My thoughts on property hotspots – Michael Matusik

I don’t like the term hotspots.

For mine, it doesn’t really ring true when it comes to property.

There are very few instances in which investment ‘heat’ is induced to a very specific location or property type.

Residential property investment is a long-term hold.

The statistics show that most buyers make more money on resale, the longer they hold the property.  The cost of buying & selling property, coupled with our current tax system, makes short-term property holds quite expensive; often cost prohibitive.

Those who try to ‘hotspot’ often miss the mark.

Many are, for mine, speculators – not property investors.

This is fine.

It is just that most investors don’t have the time or experience to sufficiently profit from property speculation.  For those who do – then, good luck to you.

For us mere mortals, I think it is more important to consider property investment from a wider point of view first.

Most readers should considering buying an investment property in locations with:

•      Established population base – say over 100,000 permanent residents plus population growth/increasing household formation

•      Consistent rental returns, typically over 5% or $1 in rent for every $1,000 spent

•      Improving employment prospects – 5+ pillars of economic growth

•      Rising incomes – ability to upgrade locally

•      Increasing home renovation activity – shows local owner reinvestment, which means more owner-residents

Often, how an investor actually structures their investment – owner-identity/gearing/depreciation etc – has as much bearing on the outcome as does the property’s location; product type or even purchase price/initial rental return.

There is little doubt that property cycles.

Many markets across the country are in a recovery phase of the property cycle.

Broad factors drive the property market.

These are not location or even product specific.

These factors include:  liquidity; employment; confidence; broad investment returns; overall demand; scarcity & plain human nature (“yes” or “no”).

Also, within the broad property cycle – a property clock (for sake of easy description) also operates – in which certain locations & even property types are positioned at difference phases of the cycle/clock.

For example, capitals well positioned for 2014 include:

  • Perth
  • Sydney
  • Melbourne
  • Brisbane

Within Queensland, the better-positioned markets include:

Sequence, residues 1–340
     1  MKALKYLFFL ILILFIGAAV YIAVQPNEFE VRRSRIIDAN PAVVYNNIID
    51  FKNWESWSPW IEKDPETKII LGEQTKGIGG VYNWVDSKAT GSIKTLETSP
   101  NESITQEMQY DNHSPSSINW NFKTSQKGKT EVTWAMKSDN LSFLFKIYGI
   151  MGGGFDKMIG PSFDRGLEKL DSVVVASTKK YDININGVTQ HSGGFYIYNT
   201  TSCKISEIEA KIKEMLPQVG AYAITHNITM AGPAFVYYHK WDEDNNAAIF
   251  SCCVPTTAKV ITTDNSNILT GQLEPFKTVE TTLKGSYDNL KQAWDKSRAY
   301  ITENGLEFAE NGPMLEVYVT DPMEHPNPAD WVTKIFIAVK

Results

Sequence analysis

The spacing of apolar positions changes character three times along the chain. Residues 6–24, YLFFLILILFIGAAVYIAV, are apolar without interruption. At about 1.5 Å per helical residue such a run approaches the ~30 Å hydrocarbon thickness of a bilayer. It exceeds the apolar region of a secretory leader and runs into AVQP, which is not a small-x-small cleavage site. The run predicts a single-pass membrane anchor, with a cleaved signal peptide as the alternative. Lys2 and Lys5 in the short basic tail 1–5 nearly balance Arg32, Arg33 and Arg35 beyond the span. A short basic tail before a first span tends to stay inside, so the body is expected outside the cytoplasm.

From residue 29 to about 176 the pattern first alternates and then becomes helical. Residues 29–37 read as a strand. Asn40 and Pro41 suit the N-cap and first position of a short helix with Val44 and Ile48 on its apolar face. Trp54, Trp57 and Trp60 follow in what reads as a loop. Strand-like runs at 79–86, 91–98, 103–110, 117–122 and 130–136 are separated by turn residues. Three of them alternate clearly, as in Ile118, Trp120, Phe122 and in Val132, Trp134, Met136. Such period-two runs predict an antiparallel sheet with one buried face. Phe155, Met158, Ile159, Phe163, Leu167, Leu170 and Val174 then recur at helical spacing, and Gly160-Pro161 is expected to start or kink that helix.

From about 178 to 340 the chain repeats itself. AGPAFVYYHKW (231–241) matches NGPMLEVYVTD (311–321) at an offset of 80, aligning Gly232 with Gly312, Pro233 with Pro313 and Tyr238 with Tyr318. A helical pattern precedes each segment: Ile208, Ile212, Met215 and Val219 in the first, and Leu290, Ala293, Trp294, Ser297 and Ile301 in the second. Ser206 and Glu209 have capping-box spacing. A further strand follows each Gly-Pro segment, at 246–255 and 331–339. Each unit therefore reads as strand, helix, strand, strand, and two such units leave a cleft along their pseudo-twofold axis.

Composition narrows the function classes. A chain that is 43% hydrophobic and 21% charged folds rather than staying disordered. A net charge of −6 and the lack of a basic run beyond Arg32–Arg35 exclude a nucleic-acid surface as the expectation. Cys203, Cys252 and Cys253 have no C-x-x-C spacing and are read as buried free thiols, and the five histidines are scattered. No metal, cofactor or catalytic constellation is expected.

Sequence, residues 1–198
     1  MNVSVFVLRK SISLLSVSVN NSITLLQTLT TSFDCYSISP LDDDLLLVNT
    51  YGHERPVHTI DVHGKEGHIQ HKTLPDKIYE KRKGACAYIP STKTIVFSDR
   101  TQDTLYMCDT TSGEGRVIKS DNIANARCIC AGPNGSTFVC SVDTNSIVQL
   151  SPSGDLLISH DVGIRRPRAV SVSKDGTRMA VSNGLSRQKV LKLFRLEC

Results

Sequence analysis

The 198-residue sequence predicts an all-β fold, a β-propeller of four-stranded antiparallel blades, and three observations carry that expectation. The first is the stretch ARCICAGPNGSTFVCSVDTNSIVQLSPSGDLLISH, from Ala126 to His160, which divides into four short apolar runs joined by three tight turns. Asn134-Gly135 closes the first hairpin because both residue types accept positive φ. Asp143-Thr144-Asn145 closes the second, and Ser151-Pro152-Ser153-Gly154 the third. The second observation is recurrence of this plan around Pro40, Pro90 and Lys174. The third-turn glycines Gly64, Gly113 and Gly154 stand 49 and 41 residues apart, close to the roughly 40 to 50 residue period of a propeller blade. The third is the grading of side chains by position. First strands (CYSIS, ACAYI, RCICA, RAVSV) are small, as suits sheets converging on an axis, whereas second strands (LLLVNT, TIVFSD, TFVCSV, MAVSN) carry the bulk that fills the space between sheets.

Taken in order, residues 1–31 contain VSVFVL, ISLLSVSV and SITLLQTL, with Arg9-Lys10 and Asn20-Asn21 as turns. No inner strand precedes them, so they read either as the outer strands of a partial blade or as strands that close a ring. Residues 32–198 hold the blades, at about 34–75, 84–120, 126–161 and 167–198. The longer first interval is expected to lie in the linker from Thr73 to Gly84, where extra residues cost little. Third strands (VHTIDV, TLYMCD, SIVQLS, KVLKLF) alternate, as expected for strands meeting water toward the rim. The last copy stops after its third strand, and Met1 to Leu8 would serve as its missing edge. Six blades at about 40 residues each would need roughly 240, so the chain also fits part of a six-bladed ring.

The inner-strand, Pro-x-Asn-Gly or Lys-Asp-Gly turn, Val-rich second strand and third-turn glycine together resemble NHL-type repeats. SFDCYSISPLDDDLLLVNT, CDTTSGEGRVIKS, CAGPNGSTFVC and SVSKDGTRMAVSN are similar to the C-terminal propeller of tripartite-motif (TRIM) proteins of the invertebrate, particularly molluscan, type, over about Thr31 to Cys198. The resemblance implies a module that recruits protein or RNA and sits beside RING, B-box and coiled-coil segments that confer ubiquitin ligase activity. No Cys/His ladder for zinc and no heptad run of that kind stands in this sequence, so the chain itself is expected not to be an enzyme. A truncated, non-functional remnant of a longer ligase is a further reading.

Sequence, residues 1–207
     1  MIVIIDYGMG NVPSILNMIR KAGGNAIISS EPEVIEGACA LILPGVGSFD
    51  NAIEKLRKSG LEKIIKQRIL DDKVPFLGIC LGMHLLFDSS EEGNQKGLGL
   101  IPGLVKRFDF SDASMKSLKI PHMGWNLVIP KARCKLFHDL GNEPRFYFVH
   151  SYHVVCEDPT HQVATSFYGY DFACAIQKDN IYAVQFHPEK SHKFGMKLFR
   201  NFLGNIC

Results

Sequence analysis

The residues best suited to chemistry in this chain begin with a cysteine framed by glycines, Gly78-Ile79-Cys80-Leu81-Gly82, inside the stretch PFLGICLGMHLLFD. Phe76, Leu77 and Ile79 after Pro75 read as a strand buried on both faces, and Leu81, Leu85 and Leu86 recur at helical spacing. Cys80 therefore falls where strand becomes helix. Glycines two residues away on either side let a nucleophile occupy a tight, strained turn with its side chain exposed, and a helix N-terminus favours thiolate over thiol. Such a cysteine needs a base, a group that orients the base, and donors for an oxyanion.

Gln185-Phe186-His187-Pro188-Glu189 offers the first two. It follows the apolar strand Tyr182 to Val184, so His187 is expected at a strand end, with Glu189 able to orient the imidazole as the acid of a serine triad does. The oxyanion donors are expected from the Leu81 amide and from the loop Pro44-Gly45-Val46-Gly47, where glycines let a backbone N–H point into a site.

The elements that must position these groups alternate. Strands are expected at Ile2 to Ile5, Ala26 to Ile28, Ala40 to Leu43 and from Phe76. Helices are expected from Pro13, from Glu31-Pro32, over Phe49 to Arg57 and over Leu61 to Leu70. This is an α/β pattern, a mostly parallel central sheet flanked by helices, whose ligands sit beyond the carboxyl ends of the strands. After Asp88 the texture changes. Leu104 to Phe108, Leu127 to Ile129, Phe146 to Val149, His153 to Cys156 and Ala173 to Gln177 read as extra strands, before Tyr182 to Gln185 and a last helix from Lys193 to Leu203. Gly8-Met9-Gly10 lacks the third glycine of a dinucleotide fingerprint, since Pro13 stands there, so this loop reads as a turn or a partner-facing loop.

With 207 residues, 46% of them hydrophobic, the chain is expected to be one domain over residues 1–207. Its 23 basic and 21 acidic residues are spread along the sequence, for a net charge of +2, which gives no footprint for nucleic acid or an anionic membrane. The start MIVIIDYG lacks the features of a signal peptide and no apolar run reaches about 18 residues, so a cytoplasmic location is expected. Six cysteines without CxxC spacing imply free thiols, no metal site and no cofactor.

• Townsville
  • Sunshine Coast
  • Toowoomba
  • Rockhampton
  • Cairns
  • Gold Coast
  • Ipswich

I think it is best to discuss property in these terms rather than trying to elevate a location’s investment potential based on, more often than not, a once off set of circumstances or events.

And, as we have previously outlined, also very important is what type of property you buy.

We have been back at it for almost a week & already we have had more requests for us to nominate this year’s hotspots than we did for the whole of last year.

2013, I think, could have been labelled as the “big nothing” – a year when really not much happened (outside of Sydney) despite calls of property Armageddon.

2014 is already shaping up as the year of the property spruik.

“What’s hot” is likely to be this year’s catch cry.

I am already starting to reply “Not as much as you might think”.

Two weeks into the year and already I am a cynic.

Or to quote Dylan:

“In a soldier’s stance, I aimed my hand – At the mongrel dogs who teach – Fearing not that I’d become my enemy – In the instant that I preach”

OPINION is, well…just that – our opinion, nothing more, nothing less.  It is a far cry from the final word on the topic; but if it engenders your interest and maybe some debate, then our job is done.


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Michael Matusik


Michael is director of independent property advisory Matusik Property Insights. He is independent, perceptive and to the point; has helped over 550 new residential developments come to fruition and writes his insightful Matusik Missive

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